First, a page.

Jared Farmer is Professor and Chair of Graduate Studies in the Department of History at the University of Pennsylvania. A place-based environmental historian, he studies landscape in all its dimensions, looking for connections between the local, the national, and the planetary.
Prof. Farmer has received fellowships and grants from institutions such as the American Council of Learned Societies, the National Humanities Center, the National Endowment for the Humanities, and the Alfred P. Sloan Foundation. His book On Zion’s Mount: Mormons, Indians, and the American Landscape (Harvard University Press, 2008) won the Francis Parkman Prize from the Society of American Historians. In 2014, the Dallas Institute presented him the Hiett Prize in the Humanities; in 2017, the Carnegie Corporation of New York named him an Andrew Carnegie Fellow; and in 2018, the American Academy in Berlin awarded him a Berlin Prize.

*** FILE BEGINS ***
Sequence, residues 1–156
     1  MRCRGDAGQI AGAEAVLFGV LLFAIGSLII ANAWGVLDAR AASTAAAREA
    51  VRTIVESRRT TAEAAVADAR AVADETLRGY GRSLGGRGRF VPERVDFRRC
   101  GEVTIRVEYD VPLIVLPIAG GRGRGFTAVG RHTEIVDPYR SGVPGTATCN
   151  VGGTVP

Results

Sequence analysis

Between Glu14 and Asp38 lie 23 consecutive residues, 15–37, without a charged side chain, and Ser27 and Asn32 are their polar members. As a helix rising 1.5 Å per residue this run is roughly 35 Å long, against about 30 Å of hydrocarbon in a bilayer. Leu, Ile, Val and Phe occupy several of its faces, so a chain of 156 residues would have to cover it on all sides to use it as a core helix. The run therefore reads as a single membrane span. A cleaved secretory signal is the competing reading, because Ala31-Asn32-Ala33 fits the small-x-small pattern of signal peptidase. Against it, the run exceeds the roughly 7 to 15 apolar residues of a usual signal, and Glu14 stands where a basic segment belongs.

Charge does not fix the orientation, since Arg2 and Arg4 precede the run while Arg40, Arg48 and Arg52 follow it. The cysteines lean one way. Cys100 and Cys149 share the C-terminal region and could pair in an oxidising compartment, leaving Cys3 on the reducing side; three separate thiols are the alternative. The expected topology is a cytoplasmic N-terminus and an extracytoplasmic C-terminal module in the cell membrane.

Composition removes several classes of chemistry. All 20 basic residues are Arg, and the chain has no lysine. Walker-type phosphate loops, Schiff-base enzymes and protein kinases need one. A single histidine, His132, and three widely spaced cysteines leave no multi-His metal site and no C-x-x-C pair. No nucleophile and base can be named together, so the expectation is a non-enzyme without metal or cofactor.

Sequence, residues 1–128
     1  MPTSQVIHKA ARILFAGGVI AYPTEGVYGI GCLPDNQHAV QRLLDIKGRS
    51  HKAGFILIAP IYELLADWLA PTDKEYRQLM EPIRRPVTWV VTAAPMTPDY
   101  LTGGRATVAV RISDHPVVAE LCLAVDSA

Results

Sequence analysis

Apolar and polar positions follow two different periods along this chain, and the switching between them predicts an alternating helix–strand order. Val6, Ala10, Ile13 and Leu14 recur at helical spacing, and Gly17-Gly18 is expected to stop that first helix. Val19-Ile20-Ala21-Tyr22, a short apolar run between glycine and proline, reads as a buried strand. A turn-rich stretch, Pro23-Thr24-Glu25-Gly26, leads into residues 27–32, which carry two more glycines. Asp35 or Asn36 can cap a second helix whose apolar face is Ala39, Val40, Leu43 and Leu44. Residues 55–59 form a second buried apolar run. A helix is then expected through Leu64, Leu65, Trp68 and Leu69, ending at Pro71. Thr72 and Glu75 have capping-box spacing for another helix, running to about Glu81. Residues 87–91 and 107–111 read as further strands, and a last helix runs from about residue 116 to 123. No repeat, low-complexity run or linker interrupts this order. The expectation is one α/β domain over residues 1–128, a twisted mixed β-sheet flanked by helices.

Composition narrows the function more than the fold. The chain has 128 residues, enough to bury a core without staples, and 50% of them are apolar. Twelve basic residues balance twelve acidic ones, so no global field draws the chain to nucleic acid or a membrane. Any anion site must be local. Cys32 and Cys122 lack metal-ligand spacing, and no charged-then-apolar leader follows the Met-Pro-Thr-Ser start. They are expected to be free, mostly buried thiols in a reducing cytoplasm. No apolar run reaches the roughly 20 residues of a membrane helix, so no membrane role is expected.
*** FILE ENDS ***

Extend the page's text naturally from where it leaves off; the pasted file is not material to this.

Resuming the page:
His forthcoming book is Survival of the Oldest: Ancient Trees in Modern Times (Basic Books, 2022).
Prof. Farmer shares landscape observations on Instagram @geohumanist.
In collaboration with Penn students, he has begun a new project called “Petrosylvania.”